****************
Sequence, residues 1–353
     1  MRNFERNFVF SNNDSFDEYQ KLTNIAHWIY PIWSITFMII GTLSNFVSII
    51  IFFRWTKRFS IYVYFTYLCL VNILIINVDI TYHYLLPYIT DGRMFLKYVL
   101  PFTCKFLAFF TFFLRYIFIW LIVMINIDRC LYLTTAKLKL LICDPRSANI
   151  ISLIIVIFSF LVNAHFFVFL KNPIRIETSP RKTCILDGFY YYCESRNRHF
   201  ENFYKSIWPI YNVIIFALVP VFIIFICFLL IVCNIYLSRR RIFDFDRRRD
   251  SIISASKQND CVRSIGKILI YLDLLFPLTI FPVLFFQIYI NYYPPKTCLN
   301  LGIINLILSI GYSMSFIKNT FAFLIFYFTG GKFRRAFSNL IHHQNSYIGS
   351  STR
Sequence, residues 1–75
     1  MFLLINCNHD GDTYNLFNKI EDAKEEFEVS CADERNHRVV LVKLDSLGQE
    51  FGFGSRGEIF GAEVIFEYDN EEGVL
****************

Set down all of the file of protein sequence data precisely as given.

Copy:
Sequence, residues 1–353
     1  MRNFERNFVF SNNDSFDEYQ KLTNIAHWIY PIWSITFMII GTLSNFVSII
    51  IFFRWTKRFS IYVYFTYLCL VNILIINVDI TYHYLLPYIT DGRMFLKYVL
   101  PFTCKFLAFF TFFLRYIFIW LIVMINIDRC LYLTTAKLKL LICDPRSANI
   151  ISLIIVIFSF LVNAHFFVFL KNPIRIETSP RKTCILDGFY YYCESRNRHF
   201  ENFYKSIWPI YNVIIFALVP VFIIFICFLL IVCNIYLSRR RIFDFDRRRD
   251  SIISASKQND CVRSIGKILI YLDLLFPLTI FPVLFFQIYI NYYPPKTCLN
   301  LGIINLILSI GYSMSFIKNT FAFLIFYFTG GKFRRAFSNL IHHQNSYIGS
   351  STR
Sequence, residues 1–75
     1  MFLLINCNHD GDTYNLFNKI EDAKEEFEVS CADERNHRVV LVKLDSLGQE
    51  FGFGSRGEIF GAEVIFEYDN EEGVL